USAID Credit Guarantees Unleash Private Financing

Small businesses in the developing world find it difficult to get the financial support they need from local investors. The reasons vary—few Small and Growing Businesses (SGB) have collateral they can offer as a loan guarantee, and few local banks understand the businesses in which these SGBs operate well enough to make an accurate risk assessment. For more than fifteen years, the United States Agency for International Development (USAID) has addressed this challenge through its Development Credit Authority (DCA), which guarantees 50% of the principle on loans issued by local institutions in developing countries. These guarantees can be issued on an individual loan, on a portfolio of loans, on a bond guarantee, or on other lending instruments. Whatever the mechanism, guarantees share some of the risk with local lenders, encouraging them to lend to new sectors and borrowers.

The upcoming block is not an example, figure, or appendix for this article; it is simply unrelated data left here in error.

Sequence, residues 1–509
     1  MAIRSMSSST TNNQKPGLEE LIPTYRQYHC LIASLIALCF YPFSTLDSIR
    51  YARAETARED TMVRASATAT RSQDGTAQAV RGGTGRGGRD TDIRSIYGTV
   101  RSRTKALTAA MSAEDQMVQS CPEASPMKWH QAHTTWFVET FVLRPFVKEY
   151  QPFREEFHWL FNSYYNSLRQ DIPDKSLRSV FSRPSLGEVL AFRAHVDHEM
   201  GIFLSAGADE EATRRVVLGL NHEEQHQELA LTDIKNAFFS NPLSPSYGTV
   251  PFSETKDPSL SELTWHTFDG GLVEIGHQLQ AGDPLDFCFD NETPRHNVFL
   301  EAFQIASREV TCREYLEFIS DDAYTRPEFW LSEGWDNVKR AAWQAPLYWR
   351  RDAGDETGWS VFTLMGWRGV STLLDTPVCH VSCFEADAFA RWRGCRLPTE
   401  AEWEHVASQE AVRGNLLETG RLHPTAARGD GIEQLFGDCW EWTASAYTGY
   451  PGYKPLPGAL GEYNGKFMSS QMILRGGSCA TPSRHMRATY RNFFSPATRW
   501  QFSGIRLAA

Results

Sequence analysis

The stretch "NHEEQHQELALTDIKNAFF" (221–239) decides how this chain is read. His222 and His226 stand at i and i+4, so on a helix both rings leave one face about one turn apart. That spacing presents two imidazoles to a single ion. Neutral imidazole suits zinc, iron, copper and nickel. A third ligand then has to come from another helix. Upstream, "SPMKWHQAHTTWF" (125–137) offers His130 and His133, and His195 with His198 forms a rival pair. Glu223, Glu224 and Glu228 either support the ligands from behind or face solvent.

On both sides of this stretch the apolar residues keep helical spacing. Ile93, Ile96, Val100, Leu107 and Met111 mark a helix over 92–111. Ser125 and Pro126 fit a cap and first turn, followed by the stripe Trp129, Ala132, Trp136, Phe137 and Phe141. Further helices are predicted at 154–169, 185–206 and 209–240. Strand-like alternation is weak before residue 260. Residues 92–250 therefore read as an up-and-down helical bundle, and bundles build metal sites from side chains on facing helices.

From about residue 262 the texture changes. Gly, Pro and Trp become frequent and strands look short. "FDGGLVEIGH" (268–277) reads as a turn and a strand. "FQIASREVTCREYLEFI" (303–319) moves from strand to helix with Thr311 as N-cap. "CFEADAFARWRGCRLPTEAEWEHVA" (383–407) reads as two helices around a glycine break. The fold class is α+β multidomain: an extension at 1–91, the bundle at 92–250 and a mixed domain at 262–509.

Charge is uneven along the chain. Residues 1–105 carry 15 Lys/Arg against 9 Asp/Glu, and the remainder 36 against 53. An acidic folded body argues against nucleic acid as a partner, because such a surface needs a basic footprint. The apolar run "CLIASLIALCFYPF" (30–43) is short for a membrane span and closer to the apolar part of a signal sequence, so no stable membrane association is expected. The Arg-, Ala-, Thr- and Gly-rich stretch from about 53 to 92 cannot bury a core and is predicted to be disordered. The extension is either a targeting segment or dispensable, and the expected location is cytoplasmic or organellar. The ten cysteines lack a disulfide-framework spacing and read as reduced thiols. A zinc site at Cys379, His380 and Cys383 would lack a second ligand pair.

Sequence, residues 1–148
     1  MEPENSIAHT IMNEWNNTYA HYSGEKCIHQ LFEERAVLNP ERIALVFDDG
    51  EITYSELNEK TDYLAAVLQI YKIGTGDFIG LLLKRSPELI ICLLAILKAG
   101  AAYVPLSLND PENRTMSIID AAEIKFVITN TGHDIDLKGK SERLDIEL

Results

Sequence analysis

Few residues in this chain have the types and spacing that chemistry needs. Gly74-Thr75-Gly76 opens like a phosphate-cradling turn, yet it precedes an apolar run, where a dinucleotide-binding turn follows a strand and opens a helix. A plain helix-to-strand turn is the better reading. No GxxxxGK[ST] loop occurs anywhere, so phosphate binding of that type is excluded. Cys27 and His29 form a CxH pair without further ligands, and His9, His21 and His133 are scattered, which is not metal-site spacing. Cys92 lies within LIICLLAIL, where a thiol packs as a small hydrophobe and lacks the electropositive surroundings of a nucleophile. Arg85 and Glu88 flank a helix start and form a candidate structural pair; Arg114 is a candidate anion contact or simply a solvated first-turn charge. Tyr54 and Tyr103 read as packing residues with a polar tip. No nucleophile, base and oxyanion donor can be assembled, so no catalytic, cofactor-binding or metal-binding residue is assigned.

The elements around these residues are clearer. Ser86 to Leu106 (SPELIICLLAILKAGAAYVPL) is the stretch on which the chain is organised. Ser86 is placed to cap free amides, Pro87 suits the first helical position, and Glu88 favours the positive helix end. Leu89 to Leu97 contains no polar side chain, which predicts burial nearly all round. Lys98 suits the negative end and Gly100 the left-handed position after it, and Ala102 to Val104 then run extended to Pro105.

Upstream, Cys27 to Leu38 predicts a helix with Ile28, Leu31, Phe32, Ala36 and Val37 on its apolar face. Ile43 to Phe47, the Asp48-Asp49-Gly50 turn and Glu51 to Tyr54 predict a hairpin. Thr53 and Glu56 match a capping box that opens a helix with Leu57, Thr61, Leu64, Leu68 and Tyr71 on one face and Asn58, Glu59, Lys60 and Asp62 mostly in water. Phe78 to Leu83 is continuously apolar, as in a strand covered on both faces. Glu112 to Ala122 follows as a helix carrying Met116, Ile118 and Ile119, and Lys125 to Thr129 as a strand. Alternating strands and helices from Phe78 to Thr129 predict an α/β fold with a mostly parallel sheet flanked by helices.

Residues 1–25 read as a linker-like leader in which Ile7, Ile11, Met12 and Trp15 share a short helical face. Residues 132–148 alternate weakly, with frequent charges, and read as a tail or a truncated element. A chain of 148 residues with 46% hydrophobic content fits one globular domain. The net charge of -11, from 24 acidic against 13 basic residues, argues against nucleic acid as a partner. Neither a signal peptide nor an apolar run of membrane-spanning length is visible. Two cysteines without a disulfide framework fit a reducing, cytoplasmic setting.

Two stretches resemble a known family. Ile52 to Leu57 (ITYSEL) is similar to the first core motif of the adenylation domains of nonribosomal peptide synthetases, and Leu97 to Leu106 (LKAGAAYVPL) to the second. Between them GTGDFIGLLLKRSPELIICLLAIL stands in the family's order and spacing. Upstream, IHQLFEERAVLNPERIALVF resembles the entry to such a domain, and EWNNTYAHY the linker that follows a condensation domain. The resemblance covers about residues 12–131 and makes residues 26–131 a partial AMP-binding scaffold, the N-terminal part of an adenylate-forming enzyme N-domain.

Since its inception, the DCA has unlocked $ 4.3 billion in private sector financing through 473 loan guarantees across 75 countries. This not only helps to build the capacity of local lending institutions, it also promotes growth and modernization in the businesses they support. In El Salvador, for example, a DCA loan guarantee allowed a local financial institution to issue a $300,000 loan to a dairy processor who used the loan to  make equipment and process upgrades needed to get USDA approval on its milk products—a necessary requirement to enter the export market. Within three years, the savings alone allowed the processor to pay back the loan. DCA guarantees also encourage investment in specific sectors, as with a recent partnership between DCA, the Kenya Commercial Bank, and equipment manufacturer GE, which aims to grow the health delivery infrastructure in Kenya by guaranteeing loans to SGBs building or upgrading retail health facilities in Kenya.